One of the major mechanism through which the effects of Nitric Oxide are mediated the production of the second messenger cyclic GMP (cGMP). Nitric Oxide can stimulate production of cGMP by interacting with the haem group of the enzyme souble guanylate cyclase (sGC). This interaction allows sGC to convert GTP into cGMP.
Once produced cGMP can have a number of effects in cells, but many of those effects are mediated through the activation of protein kinase G (PKG). Active PKG is ultimately responsible for many of the effects of Nitric Oxide including its effects on blood vessel relaxation (vasodilation). Activation of PKG by cGMP leads to activation of myosin phosphatase which in turn leads to release of calcium from intracellular stores in smooth muscle cells. This in turn leads to relaxation of the smooth muscle cells. In the case of vasodilation the Nitric Oxide is originally produced in the neighbouring endothelial cells before diffusing into the smooth muscle cells where it actiavtes sGC and cGMP production.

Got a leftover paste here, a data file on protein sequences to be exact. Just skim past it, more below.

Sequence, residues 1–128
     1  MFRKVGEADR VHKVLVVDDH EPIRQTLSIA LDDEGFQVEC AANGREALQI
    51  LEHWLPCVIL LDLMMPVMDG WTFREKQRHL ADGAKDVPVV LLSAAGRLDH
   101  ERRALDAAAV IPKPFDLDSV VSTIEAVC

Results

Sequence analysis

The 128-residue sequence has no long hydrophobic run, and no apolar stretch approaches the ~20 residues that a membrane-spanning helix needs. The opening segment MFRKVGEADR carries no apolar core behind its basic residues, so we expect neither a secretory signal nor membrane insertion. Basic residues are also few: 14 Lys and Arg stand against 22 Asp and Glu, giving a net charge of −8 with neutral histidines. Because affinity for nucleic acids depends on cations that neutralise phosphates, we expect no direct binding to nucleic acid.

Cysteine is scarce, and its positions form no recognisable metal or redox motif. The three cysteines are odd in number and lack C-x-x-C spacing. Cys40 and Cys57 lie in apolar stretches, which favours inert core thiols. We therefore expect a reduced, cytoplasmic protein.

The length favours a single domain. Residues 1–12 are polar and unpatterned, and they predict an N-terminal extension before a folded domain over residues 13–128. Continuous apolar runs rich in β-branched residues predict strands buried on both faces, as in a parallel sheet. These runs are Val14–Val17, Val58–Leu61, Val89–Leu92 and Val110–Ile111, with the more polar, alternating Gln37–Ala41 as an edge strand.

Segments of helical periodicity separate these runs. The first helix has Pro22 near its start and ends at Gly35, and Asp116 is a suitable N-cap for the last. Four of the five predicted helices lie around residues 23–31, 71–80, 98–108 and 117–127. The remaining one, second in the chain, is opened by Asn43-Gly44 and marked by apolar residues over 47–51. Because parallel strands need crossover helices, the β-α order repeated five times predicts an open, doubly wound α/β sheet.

PKG can also have other effects in cells, for example by activating a number of transcription factors which can lead to changes in gene expression which in turn can alter the response of the cell to a variety of stimuli.
cGMP can also be converted back to GTP by proteins known as phosphodiesterases. Conversion of cGMP to GTP effectively blocks further Nitric Oxide signalling. There are now several drugs which function as phosphodiesterase inhibitors and can restore Nitric Oxide / cGMP signalling. Perhaps the best known of this class of drugs is Viagra.
Website by Phil Dash